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ERIC Number: ED460280
Record Type: Non-Journal
Publication Date: 2000-Oct
Pages: 8
Abstractor: N/A
Reference Count: N/A
ISBN: N/A
ISSN: N/A
A Comparative Investigation of Safer Sex Practices among Canadian and New Zealand Prostitutes. NALL Working Paper.
Meaghan, Diane
This project examined attitudes, expectations, and behaviors that make prostitutes successful in learning to establish their autonomy and work safely. Ethnographic studies were conducted of 47 prostitutes in Canada and 60 in New Zealand through semi-structured interviews, focus groups, and open-ended discussions supplemented by researchers' observations and participation in the culture of sex trade work. Women new to the streets and experienced women involved in various genres of sex work were surveyed as to how they came to acquire a working knowledge about safer sex practices and what specific practices resulted from that knowledge. Findings suggested that, in the course of their daily work, most prostitutes learn to deal with issues of intimacy, decision making, communication, negotiation, and assertiveness. Prostitute practices acquired outside of formal educational systems constituted an alternative body of educational knowledge that could efficiently use community resources to inform and teach about issues concerning safer sexual interactions. Staffed by workers who were in or formerly part of the sex industry, the New Zealand Prostitutes' Collective was the first cooperative effort between the government and sex workers to promote safer sex practices in the sex industry. Sex workers wanted to create an organization that would empower them and advance their political and legal cause. (Contains 27 references.) (YLB)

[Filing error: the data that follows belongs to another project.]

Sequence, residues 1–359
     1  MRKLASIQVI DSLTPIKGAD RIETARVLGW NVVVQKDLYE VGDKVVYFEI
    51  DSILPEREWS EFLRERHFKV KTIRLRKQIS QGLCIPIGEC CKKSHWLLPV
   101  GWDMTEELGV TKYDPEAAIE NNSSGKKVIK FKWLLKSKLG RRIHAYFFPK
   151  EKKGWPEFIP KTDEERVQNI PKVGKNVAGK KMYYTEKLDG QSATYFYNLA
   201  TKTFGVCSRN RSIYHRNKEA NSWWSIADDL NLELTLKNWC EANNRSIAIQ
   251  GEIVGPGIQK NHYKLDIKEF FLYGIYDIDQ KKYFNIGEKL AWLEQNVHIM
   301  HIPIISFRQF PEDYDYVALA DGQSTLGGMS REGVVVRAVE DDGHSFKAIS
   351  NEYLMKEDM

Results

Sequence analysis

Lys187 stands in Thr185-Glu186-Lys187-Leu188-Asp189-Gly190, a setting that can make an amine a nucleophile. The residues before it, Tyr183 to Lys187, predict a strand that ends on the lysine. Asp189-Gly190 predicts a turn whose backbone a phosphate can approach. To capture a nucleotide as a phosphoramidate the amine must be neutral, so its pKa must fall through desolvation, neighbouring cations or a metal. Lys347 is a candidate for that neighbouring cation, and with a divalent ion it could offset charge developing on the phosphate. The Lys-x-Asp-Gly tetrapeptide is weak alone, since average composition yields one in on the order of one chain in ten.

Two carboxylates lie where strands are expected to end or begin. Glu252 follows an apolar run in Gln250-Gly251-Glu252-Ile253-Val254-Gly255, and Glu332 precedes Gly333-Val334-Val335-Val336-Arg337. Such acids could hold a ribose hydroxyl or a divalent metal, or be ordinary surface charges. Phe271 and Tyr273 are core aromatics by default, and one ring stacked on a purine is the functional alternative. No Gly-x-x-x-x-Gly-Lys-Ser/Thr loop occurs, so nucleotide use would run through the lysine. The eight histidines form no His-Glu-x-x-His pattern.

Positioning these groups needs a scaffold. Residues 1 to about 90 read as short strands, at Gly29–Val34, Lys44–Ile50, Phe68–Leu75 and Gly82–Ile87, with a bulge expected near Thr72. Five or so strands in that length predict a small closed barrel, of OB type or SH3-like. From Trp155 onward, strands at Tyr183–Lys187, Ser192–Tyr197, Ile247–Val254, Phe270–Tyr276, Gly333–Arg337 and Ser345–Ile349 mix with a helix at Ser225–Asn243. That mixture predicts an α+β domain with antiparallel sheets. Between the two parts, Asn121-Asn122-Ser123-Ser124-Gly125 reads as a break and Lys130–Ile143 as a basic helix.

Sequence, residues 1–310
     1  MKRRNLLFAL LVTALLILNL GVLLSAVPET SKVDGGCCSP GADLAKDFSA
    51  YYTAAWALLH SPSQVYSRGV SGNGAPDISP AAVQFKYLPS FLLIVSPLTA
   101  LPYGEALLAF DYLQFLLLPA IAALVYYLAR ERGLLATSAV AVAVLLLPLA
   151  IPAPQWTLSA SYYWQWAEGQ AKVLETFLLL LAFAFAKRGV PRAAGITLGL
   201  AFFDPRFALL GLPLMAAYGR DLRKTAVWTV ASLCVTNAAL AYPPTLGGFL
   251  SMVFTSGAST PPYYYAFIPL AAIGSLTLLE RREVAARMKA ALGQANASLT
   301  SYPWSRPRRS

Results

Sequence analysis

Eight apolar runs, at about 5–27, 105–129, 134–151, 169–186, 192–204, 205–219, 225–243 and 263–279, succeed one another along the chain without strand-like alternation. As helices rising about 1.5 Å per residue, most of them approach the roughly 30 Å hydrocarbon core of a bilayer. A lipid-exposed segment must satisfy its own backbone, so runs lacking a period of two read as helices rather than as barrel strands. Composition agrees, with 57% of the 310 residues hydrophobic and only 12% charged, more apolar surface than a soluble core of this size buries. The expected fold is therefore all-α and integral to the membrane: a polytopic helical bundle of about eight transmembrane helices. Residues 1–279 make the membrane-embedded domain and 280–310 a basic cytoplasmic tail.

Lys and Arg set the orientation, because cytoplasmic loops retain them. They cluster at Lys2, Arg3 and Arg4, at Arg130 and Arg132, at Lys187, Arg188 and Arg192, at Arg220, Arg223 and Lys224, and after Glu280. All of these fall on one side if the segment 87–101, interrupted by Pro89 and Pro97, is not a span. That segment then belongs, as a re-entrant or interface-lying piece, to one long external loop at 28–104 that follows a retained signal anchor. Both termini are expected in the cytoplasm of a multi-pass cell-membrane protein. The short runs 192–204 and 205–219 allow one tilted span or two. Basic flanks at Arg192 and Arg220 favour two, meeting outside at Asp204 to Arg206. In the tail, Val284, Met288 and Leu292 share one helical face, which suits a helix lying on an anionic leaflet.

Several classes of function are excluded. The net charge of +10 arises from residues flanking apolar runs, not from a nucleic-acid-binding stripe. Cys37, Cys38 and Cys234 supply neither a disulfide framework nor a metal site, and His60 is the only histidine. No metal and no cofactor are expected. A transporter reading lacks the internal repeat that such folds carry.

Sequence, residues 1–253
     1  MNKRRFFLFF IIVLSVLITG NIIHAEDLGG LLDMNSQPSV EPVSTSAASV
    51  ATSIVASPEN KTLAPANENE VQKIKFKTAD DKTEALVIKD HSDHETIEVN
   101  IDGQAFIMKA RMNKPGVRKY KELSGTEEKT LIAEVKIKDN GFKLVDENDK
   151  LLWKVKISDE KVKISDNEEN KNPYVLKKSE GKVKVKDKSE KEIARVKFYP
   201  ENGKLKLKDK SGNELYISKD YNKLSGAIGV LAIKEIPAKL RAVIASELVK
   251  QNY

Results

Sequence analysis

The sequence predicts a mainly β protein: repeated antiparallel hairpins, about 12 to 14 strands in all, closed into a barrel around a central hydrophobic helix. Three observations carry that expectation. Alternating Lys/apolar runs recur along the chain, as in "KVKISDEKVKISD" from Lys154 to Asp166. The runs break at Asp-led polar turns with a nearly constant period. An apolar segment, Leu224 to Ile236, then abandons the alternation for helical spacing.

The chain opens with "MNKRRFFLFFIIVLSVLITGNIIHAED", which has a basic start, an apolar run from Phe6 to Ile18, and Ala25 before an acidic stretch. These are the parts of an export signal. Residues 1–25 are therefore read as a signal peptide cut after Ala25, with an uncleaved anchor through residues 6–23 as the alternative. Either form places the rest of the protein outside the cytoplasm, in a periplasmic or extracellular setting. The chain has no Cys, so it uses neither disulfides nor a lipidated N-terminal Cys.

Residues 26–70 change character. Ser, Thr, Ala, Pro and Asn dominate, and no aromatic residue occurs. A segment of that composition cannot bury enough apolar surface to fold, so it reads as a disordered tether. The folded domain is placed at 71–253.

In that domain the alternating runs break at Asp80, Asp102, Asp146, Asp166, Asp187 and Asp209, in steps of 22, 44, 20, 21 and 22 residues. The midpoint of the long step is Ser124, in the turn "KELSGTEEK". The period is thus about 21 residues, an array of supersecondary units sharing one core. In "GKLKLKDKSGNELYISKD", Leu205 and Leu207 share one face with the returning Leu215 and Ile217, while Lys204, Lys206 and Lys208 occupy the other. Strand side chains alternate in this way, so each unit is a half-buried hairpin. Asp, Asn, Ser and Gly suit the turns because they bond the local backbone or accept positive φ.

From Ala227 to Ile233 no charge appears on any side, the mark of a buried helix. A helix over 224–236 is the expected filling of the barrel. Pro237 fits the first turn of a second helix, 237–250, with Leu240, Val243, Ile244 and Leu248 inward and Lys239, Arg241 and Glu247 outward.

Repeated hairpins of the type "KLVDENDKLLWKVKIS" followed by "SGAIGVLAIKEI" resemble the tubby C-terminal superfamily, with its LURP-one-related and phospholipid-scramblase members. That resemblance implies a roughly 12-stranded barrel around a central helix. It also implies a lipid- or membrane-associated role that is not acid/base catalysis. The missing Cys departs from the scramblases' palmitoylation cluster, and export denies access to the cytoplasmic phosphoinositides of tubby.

For full text: http://www.oise.utoronto.ca/depts/sese/csew/nall/res/13safesexpra ctice.htm.
Publication Type: Reports - Research; Speeches/Meeting Papers
Education Level: N/A
Audience: N/A
Language: English
Sponsor: Social Sciences and Humanities Research Council of Canada, Ottawa (Ontario).
Authoring Institution: Ontario Inst. for Studies in Education, Toronto. New Approaches to Lifelong Learning.
Identifiers - Location: Canada; New Zealand